Cheng Guangcheng Seeking Medical Treatment in Hospital

STR/AFP/GettyImages(BEIJING) -- Cheng Guangcheng, the blind human rights activist who escaped house arrest and was widely believed to be under the protection of the United States Embassy in Beijing, is seeking medical treatment at Chaoyang hospital in Beijing and has reunited with his family, according to a senior U.S. official.

Sources tell ABC News that U.S. Ambassador Gary Locke, Legal Advisor to the Department of State Harold Koh and Assistant Secretary of State for Asian and Pacific Asian Affairs Kurt Campbell escorted Chen to the hospital where was reunited with his wife, Yuan Weijing, and their two small children. It is not known how long Chen will remain at the hospital. U.S. officials will continue to be able to meet with him while he is there.

China is demanding an apology from the U.S. for allowing Chen to enter the embassy. U.S. officials continued to decline to comment on his whereabouts until Wednesday, but in a statement the Chinese Foreign Ministry has said that Chen spent six days at the U.S. embassy and left of his own volition.

The unexpected diplomatic crisis has arisen at a sensitive time. The news of Chen's whereabouts came just hours after Secretary of State Hilary Clinton arrived in Beijing to attend the U.S.-China Strategic and Economic Dialogue. Top level officials on both sides have been locked in intense meetings on the fate of Mr. Chen for days.

The U.S. has long called for human rights reform in China, with Secretary of State Hillary Clinton singling Chen out by name in the past.

Topics expected to be addressed at the SED meetings include nuclear proliferation in Iran and North Korea, currency evaluation and international trade—key issues on which the U.S. is seeking more significant Chinese support. The Republican administration is also accusing the U.S. of being "soft" on China, further complicating finding a resolution on Chen's future.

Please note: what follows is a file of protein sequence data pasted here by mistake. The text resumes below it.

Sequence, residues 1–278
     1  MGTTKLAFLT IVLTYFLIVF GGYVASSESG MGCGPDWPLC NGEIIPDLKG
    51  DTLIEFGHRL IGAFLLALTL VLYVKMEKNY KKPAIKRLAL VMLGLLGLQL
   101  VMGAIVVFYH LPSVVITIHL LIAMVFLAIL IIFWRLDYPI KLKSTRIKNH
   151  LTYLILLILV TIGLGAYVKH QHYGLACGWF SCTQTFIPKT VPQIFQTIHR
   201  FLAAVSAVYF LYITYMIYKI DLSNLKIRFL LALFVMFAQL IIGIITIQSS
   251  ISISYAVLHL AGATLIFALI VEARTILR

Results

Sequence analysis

Dissident sources emphasize that Chen does not want to leave China for the U.S. and has never sought asylum. Hu Jia, a friend and fellow activist, told ABC News the Chen firmly believes that staying in China is critical to his fight against corruption and injustice. Chen only entered the U.S. Embassy, Hu said, because his supporters believed the police were aware he was in Beijing and they could no longer keep him safe.

Outside Chaoyang hospital, Jian Tianyong, a human rights lawyer who has worked with Chen in the past, told ABC News that he received a phone call from Chen once he had arrived at the hospital. Jian said that Chen is still in poor health and has been in need of medical attention for several years.

Chen first came to international attention in 2005 for exposing the abortions and forced sterilizations of women in China's rural communities as part of the country's One Child Policy. In 2006, he was sentenced to more than four years in prison for likely trumped up charges of disturbing public disorder.

Upon his release he was placed under extrajudicial house arrest at his home in Dongshigu. On Sunday April 22, Chen made a daring escape from what he has described in videos released online as a brutal house arrest in Shandong Province.

The whereabouts of He Peirong, the young activist who drove Chen to Beijing, remains unknown. Sources in the dissident community say she was last heard from on Friday April 27 and is believed to be in police custody.

Copyright 2012 ABC News Radio

ABC News Radio